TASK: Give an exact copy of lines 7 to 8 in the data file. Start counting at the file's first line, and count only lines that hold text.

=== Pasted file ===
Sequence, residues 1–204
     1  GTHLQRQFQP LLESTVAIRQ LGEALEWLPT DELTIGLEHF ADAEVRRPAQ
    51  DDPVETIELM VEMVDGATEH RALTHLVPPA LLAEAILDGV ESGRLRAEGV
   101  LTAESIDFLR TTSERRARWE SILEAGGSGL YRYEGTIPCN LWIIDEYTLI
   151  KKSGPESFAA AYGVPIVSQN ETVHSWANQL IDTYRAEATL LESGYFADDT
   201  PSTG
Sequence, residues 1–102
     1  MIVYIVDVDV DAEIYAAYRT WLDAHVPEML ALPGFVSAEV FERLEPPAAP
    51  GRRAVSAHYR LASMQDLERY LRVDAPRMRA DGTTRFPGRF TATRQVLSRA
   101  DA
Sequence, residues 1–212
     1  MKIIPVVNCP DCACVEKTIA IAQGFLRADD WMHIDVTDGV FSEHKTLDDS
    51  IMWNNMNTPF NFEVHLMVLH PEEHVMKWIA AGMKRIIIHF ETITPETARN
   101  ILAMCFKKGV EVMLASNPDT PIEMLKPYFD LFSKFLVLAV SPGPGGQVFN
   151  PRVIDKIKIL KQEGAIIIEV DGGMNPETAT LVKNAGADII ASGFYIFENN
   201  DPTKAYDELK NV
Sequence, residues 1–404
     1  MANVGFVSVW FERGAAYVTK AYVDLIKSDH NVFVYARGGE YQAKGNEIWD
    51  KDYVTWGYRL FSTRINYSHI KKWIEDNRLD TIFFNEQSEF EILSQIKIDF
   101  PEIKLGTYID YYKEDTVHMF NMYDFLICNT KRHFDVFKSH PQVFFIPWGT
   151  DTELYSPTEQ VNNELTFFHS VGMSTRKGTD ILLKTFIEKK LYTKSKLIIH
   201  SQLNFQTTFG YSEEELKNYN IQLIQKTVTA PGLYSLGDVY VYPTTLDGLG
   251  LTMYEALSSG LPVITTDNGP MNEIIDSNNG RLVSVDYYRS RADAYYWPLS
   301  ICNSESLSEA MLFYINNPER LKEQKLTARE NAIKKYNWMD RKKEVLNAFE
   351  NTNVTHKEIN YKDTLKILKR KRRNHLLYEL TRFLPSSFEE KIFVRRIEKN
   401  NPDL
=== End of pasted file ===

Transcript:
Sequence, residues 1–102
     1  MIVYIVDVDV DAEIYAAYRT WLDAHVPEML ALPGFVSAEV FERLEPPAAP